Generally, the transfer displays an outstanding level of sharpness and clarity. A degree of film grain was noticeable throughout the film, especially in darker scenes, but there is little doubt that this is probably inherent in the source material. In general, blacks were bold and clean. Shadow detail was excellent throughout.
The warm and vibrant colours of the interiors contrast well against the cold and drab blues and greys of the exteriors. These colours are all beautifully balanced and appeared very natural, even though they do exhibit that subtle seventies look.
There were no MPEG artefacts noticed in the transfer. Film-to-video artefacts were well controlled and didn't present as an adverse issue. A high quality print was used in the transfer. The result being a remarkably clean transfer, free from irritating film artefacts.
English subtitles are available. These are removable and were easily legible in bold white.
This is a single sided, dual-layered disc. The layer change occurs at 94:45 and while it was easily noticed, it wasn't at all disruptive.
The audio transfer has remained faithful to the original source.
There is one audio track available on the DVD, French Dolby Digital 2.0 mono (192Kb/s).
Although it's not always easy to assess dialogue quality in foreign films, there didn't appear to be any adverse issues in that area. The same applies to audio sync, which also appeared to be accurate.
The original music in La Grande Bouffe is credited to Philippe Sarde. Music is used quite minimally, but a common theme runs through the film.
The surround channels and subwoofer were not used.
|Surround Channel Use|
The main menu is static, 16x9 enhanced and features a looped soundbite from the film.
This informative documentary was made in 2007 by Umbrella Entertainment especially for their exclusive Marco Ferreri DVD releases. This is basically a discussion with Rolando Caputo (Lecturer at La Trobe University, Melbourne and Editor of Senses of Cinema) about the life and films of Ferreri. The discussion is nicely balanced with scenes from many of Ferreri's films and provides excellent insight into the life of the man, unknown to many. Recommended viewing.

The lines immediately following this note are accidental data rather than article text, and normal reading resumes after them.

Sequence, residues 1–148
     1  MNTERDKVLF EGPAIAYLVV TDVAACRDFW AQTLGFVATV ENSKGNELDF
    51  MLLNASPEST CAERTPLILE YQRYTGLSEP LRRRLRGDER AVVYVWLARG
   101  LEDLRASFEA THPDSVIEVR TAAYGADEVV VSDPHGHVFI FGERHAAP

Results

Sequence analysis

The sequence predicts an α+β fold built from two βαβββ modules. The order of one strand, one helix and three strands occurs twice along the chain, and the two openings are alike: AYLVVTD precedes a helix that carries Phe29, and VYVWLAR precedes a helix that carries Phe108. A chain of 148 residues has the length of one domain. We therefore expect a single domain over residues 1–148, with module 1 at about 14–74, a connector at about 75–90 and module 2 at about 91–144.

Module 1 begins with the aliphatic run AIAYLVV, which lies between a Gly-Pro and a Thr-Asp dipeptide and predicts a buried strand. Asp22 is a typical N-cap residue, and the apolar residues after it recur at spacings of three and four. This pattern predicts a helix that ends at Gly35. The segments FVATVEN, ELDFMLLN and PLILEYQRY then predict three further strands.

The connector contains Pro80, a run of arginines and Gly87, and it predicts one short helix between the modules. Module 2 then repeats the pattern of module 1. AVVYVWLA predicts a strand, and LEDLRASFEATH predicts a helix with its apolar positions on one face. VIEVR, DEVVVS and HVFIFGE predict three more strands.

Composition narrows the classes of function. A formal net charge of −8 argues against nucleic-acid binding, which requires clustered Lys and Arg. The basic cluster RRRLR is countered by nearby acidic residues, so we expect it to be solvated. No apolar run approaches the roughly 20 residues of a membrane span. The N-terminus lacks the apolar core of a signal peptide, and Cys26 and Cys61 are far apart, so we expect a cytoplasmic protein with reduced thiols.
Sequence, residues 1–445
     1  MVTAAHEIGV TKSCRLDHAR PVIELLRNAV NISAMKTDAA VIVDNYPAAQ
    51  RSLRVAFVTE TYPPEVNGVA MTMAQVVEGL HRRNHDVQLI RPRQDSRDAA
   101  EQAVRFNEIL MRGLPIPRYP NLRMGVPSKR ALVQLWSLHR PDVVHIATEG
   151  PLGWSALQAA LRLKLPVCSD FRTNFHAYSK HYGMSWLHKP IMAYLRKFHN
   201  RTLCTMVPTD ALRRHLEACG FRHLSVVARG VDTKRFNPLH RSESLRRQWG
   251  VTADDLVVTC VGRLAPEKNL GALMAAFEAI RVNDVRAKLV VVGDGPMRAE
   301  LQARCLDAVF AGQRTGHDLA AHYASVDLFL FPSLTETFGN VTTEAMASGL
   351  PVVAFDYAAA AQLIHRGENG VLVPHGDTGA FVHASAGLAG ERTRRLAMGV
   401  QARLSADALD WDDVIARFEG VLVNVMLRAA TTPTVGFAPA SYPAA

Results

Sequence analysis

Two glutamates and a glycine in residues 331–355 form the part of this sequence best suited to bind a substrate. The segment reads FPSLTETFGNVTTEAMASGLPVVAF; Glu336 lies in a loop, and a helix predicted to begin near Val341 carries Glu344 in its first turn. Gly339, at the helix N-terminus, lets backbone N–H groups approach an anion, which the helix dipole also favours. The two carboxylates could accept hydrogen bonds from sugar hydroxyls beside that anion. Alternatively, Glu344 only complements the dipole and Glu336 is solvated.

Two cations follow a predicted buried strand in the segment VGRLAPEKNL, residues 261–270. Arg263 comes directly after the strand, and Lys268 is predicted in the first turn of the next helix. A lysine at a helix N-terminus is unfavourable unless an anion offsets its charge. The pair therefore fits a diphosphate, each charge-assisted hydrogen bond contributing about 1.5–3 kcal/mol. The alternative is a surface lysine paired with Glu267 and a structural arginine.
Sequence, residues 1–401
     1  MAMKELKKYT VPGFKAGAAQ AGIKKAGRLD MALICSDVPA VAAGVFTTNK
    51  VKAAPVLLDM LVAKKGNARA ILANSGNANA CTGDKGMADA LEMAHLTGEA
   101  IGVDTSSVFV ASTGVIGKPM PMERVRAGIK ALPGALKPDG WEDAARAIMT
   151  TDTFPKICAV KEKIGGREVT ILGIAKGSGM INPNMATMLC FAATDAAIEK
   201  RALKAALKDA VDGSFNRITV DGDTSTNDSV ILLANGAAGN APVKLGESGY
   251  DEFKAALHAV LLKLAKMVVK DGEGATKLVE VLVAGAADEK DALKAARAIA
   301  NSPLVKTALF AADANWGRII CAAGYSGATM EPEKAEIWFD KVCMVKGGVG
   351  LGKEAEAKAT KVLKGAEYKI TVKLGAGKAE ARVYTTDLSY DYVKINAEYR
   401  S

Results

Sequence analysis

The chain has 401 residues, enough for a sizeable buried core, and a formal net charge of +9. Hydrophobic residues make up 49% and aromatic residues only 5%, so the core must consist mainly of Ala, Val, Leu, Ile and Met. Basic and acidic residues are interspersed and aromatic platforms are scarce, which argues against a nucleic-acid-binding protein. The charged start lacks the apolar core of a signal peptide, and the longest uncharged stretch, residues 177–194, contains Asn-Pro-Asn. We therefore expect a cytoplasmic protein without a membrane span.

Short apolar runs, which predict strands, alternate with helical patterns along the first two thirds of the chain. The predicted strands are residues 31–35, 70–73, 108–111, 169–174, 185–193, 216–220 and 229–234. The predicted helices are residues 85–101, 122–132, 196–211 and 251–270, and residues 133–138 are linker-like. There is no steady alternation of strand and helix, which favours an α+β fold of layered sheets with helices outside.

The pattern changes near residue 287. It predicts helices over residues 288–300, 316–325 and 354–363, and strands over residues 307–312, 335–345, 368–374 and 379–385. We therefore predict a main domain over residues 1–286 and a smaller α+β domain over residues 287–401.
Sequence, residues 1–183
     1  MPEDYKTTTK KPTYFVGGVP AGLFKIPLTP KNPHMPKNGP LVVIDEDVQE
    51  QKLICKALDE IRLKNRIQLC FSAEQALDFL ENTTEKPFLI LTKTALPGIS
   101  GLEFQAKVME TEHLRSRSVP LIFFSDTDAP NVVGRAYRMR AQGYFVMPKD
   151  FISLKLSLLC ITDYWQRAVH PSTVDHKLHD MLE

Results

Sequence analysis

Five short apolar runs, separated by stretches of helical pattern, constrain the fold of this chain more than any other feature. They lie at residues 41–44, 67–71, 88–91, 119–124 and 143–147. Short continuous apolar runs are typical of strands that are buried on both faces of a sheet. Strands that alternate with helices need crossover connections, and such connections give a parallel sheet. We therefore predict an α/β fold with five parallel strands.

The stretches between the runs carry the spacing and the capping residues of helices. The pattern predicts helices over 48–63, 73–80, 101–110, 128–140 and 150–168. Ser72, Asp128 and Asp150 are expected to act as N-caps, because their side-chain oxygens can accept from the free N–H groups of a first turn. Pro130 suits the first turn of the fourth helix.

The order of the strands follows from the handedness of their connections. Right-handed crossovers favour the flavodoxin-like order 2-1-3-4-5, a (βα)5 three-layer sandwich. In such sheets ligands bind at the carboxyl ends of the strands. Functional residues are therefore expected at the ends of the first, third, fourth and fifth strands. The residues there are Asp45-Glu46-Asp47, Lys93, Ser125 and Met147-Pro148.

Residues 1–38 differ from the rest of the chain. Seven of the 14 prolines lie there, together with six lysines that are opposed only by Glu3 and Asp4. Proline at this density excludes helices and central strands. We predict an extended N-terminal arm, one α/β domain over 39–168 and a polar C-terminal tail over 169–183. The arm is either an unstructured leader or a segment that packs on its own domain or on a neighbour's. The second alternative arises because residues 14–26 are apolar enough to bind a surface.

There is a R1 edition of la Grande Bouffe that was released by Image Entertainment way back in May 2000. This edition is presented in an aspect ratio of 1.33:1 and has no extras, which obviously falls well short of the local release.
A more recent UK, R2 edition is also available. This was released in August 2006 and features the film in the correct aspect ratio of 1.66:1. It also has two extras - a gallery of images from the film and a small masterclass featurette on how to make Crepe Suzettes in the style of the film.
Although the masterclass extra sounds quite interesting, the local Umbrella release still seems the clear winner.
This bold attack on bourgeois society stands as one of Marco Ferreri's most controversial and enduring films. After more than thirty years, the film still has the ability to divide an audience and remains an important film in world cinema.
Finally La Grande Bouffe receives the local release it deserves - one that does the film great justice.
The video and audio transfers are both very good.
The extras may be minimal, but the informative featurette is a real bonus.
|DVD||JVC XV-N412, using Component output|
|Display||Hitachi 106cm Plasma Display 42PD5000MA (1024x1024). Calibrated with THX Optimizer. This display device is 16x9 capable. This display device has a maximum native resolution of 1080i.|
|Audio Decoder||Built in to amplifier/receiver. Calibrated with THX Optimizer.|
|Amplification||Panasonic SA-HE70 80W Dolby Digital and DTS|
|Speakers||Fronts: Jensen SPX7 Rears: Jensen SPX4 Centre: Jensen SPX13 Subwoofer: Jensen SPX17|